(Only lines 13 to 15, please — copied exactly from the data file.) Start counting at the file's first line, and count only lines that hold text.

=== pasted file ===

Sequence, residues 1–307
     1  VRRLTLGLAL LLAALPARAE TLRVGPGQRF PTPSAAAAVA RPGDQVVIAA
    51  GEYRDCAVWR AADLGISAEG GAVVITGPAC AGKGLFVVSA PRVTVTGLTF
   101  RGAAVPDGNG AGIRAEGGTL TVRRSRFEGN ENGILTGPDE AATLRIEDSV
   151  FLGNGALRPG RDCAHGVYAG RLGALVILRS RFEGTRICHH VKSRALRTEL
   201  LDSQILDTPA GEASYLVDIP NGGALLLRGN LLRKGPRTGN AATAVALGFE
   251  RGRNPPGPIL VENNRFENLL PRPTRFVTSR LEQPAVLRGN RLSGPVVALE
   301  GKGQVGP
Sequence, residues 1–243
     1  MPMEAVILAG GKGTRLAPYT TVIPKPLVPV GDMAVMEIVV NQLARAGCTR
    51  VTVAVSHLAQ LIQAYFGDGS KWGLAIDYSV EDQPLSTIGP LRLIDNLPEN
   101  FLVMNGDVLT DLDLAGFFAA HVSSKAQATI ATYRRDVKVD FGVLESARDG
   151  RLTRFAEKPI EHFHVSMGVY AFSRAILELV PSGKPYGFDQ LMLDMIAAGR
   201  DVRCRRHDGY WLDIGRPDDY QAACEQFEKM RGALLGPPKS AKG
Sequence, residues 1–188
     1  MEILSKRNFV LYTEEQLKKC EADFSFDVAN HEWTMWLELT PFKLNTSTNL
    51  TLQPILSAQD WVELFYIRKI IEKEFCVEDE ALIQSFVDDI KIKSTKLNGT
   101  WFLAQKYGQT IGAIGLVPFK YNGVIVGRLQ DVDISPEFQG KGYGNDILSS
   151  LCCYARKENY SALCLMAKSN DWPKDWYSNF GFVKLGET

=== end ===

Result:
   151  RLTRFAEKPI EHFHVSMGVY AFSRAILELV PSGKPYGFDQ LMLDMIAAGR
   201  DVRCRRHDGY WLDIGRPDDY QAACEQFEKM RGALLGPPKS AKG
Sequence, residues 1–188